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Common Spending Habits of College Students

written by: Terry Caron•edited by: Amanda Grove•updated: 9/1/2011

The demographic profile for today's college students has changed significantly over the past few years. College students are typically in their mid twenties and work part time jobs.

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    Today's College Student

    A few decades ago the typical age for college students was eighteen to twenty-one. Today more students are in their mid-twenties and work part time jobs. This creates a larger amount of disposable income for college students and the stereotypical, starving student, doesn't apply like it did a few years ago. With this in mind, did the spending habits of college students change over the years as well?

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    Money on Food Expenses

    Although ramen noodles aren't a staple in the average college student's diet, college student spending habits still focus on food. Over 11 billion dollars was spent on snacks and beverages last year alone. Even though many colleges have meal plans that provide inexpensive meals for students, a great portion of their spending dollars still goes towards eating out. Students today spend over one hundred dollars a month on coffee alone.

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    Technology is a Staple

    Next to food, college students spend a great deal of money on high tech gadgets and devices. Over 90 percent of college students have a desktop or laptop computer. Of this 90 percent, 65 percent have broadband internet connections. This, along with television, cable, cellular phones and their plans, iPods and other gadgets absorb a significant amount of a college student's disposable income. A common problem that arises from spending on technology is found when students continue upgrading to the latest and greatest technologies. Having the latest mobile devices, apps and music not only costs money up front but leads to additional spending. Spending additional money for music, and applications for new devices can put further demands on a college students already limited budget. Other influential devices coming into the market are the Ipads, kindles and other mobile computing devices that may soon replace those laptops and desktop computers.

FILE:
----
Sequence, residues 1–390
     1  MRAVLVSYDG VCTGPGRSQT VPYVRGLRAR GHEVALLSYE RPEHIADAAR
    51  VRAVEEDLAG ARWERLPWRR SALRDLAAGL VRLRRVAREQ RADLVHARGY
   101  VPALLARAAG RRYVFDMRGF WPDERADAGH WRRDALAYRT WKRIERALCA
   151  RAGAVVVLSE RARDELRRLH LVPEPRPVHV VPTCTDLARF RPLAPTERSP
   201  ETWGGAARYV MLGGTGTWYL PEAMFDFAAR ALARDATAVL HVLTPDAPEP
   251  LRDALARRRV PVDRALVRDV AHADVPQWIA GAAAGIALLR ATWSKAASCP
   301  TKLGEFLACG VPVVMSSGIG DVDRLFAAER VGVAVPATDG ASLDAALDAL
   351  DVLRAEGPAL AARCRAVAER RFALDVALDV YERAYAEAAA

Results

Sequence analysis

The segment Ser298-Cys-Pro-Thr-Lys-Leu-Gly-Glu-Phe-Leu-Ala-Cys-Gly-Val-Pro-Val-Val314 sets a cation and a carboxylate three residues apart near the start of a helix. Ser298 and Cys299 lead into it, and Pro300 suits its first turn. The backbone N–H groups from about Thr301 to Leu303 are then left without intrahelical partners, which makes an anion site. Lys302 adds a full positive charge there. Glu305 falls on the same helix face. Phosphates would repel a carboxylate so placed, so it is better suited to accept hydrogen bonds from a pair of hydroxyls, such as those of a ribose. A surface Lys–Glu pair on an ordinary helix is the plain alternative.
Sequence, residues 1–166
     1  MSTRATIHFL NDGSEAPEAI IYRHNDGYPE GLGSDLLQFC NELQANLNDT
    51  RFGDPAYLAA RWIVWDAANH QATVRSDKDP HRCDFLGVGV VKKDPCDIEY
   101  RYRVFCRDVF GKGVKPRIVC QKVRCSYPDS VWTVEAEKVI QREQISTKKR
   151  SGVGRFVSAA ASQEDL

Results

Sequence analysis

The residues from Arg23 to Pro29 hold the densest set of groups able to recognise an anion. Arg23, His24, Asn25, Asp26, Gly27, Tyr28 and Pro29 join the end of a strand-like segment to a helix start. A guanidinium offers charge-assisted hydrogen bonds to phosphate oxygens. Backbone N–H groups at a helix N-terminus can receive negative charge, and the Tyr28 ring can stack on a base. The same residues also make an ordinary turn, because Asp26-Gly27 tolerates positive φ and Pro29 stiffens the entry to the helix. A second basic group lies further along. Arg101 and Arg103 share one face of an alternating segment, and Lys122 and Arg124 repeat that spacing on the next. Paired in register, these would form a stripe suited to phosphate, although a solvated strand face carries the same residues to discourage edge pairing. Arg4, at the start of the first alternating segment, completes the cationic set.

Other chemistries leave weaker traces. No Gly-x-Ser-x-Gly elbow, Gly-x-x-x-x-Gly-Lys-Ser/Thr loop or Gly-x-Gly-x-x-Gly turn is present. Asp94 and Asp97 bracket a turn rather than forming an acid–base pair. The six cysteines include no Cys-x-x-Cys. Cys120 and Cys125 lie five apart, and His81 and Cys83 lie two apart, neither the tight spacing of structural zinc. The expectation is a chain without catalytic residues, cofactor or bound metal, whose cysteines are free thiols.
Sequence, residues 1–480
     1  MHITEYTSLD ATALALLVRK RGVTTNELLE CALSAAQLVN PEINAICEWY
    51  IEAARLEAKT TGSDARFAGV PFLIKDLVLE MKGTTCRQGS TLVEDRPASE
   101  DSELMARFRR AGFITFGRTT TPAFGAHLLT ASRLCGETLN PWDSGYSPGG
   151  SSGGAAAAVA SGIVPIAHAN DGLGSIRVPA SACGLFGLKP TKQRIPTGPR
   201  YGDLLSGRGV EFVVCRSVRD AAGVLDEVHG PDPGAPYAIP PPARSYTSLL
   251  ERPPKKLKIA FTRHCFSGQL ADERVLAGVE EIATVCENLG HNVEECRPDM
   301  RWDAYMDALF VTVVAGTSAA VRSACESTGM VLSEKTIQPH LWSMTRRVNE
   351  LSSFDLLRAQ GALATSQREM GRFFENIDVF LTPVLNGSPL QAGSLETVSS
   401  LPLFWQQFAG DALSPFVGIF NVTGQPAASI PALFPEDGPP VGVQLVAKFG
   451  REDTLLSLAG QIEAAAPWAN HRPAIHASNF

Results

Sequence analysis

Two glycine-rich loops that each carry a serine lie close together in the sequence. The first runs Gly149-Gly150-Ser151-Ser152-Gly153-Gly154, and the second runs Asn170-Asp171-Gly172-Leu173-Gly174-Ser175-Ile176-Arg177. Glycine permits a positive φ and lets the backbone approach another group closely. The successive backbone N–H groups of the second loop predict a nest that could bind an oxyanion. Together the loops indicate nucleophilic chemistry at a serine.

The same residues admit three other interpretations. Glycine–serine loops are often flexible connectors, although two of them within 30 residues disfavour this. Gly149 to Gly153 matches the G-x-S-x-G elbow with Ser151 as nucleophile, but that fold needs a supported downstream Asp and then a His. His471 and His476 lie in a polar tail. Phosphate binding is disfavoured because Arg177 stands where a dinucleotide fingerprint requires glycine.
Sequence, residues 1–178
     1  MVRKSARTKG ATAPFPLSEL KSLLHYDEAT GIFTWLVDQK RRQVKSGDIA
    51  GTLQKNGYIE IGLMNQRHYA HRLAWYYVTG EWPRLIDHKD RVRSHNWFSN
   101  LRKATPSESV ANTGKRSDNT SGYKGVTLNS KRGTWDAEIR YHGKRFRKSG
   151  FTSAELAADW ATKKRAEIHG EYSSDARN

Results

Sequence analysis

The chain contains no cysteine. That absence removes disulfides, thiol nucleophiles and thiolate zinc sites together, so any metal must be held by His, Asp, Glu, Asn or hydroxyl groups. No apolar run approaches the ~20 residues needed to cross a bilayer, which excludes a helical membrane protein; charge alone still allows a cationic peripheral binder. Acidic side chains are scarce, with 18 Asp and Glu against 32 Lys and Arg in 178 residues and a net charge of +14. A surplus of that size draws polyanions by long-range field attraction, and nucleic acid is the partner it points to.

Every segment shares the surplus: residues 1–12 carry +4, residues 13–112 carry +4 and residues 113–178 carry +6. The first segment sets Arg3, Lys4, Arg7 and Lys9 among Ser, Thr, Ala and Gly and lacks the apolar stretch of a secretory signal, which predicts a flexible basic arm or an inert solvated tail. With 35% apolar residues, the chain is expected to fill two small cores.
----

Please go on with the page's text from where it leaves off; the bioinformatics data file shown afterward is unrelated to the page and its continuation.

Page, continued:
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    Entertainment Expenses

    The next expenses, waiting in line for the college student's money, are the entertainment markets. Over three billion dollars is spent annually on entertainment such as movies, DVD's, music and video games. Over six hundred million dollars every year is spent on theater tickets alone, another six hundred million on purchasing DVD's, while another three hundred million went to renting DVD movies. That's over thirty million DVD's purchased, by college students every year. Another expense that falls into the entertainment category is the money spent on alcohol. The average college student spends over fifty dollars a month on beer alone. Annually, liquor sales to college students are over five billion dollars. That's over a billion dollars more than what college students spend on personal care alone. Add another five billion a year for clothes and we have over 17 billion dollars being spent every year on entertainment, alcohol, and personal care alone. (A Look at the Spending Habits of College Students -; Gayla Martindale)

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    Where Does All the Money Come From?

    Along with the demographics and college student spending habits changing, so are some of the mind-sets of today's students. Many college students work part time jobs, or work during their summers, and receive money from their parents for tuition and spending. With college loans, grants and financing becoming easier to receive, and more plentiful, this adds to the total dollars of non-discretionary funding for college students. Another thought process is that more and more college students are going part time and taking five to seven years to complete their education instead of the traditional 4 years.

    Although some college students have credit cards this trend has changed recently due to changes in the requirements to obtain a credit card. A new law states that in order to obtain a credit card an adult must be 21 or older. If not over 21, a co-signer is required. Credit card companies are also running tests to ensure the ability of students to pay back the balances of credit cards. This can change the credit status of this demographic significantly. This may also have an impact on the spending habits statistics in the coming years.

    There is no question how large the college student portion of the economy is. College students represent over sixty billion dollars of spending capitol every year. (College Student Spending Behavior; O'donnel and Associates LLC.)